Nicole Malachowski: Nobody Wants To Live A Scripted Life
Gail Davis, 23 August 2023
Have you ever had a goal or a dream so audacious that the idea of speaking it out loud literally formed a knot in your stomach? There’s the voice in your head that starts saying, "That dream is too big for you. It’s too complicated." Maybe you have an idea that would disrupt your entire profession or the team that you work on, go against the status quo, but you're thinking, "I don't want to be the one to rock the boat." And so you keep that idea or that dream inside. We've all been there.
Nicole Malachowski grew up in Las Vegas, not far from Nellis Air Force Base - known as the Home of the Fighter Pilot. It's also home to the United States Air Force Thunderbirds. In high school, Nicole would take her brown bag lunch outside and overhead would come these Thunderbirds screaming by with their smoke trail on. As she watched, Nicole thought, "I want to do that someday."
An Impossible Dream?
A little bit of context: In the American active-duty Air Force today there are about 12,000 pilots. Of those, about 3,000 are fighter pilots. And of those, only six in any given year have a chance to be a Thunderbird. It's statistically improbable that anybody becomes a Thunderbird pilot, but it's not impossible. And Nicole had harbored this dream since she was a kid.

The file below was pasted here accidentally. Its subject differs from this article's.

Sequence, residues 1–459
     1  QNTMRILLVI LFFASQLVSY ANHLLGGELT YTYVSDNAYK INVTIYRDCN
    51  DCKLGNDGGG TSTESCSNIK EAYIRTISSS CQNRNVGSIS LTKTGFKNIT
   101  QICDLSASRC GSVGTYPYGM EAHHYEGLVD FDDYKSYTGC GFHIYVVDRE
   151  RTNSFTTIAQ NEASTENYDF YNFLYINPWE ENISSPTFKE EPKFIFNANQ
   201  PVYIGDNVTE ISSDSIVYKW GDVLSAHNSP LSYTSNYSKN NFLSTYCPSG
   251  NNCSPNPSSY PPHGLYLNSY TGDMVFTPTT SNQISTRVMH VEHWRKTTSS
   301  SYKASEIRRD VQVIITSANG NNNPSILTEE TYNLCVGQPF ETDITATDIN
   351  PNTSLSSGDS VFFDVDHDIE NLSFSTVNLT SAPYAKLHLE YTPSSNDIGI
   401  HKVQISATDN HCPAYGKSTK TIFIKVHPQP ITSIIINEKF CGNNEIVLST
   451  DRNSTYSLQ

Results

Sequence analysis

The Annual Call For Applicants
After high school, Nicole attended the Air Force Academy and began her military career. Each year the Air Force would send an email saying the exact same thing: "We're looking for three new Thunderbird pilots. Here are the qualifications. Here's the application. It's a two-year assignment. Three pilots are new and three pilots are experienced and on their second year." And every year, even though she harbored that dream, when that email came into her inbox, Nicole would delete it. "Other people become Thunderbird pilots,” she told herself, “not you.”
Why Not Me?
In 2005, Nicole found herself at the height of her experience and skillsets, the height of her career, flying a beautiful F-15E Strike Eagle. She had every single certification and qualification. She was leading peers safely in and out of combat in Iraq. That year the call for applicants’ email arrived, Nicole finally thought to herself, "Why not me?"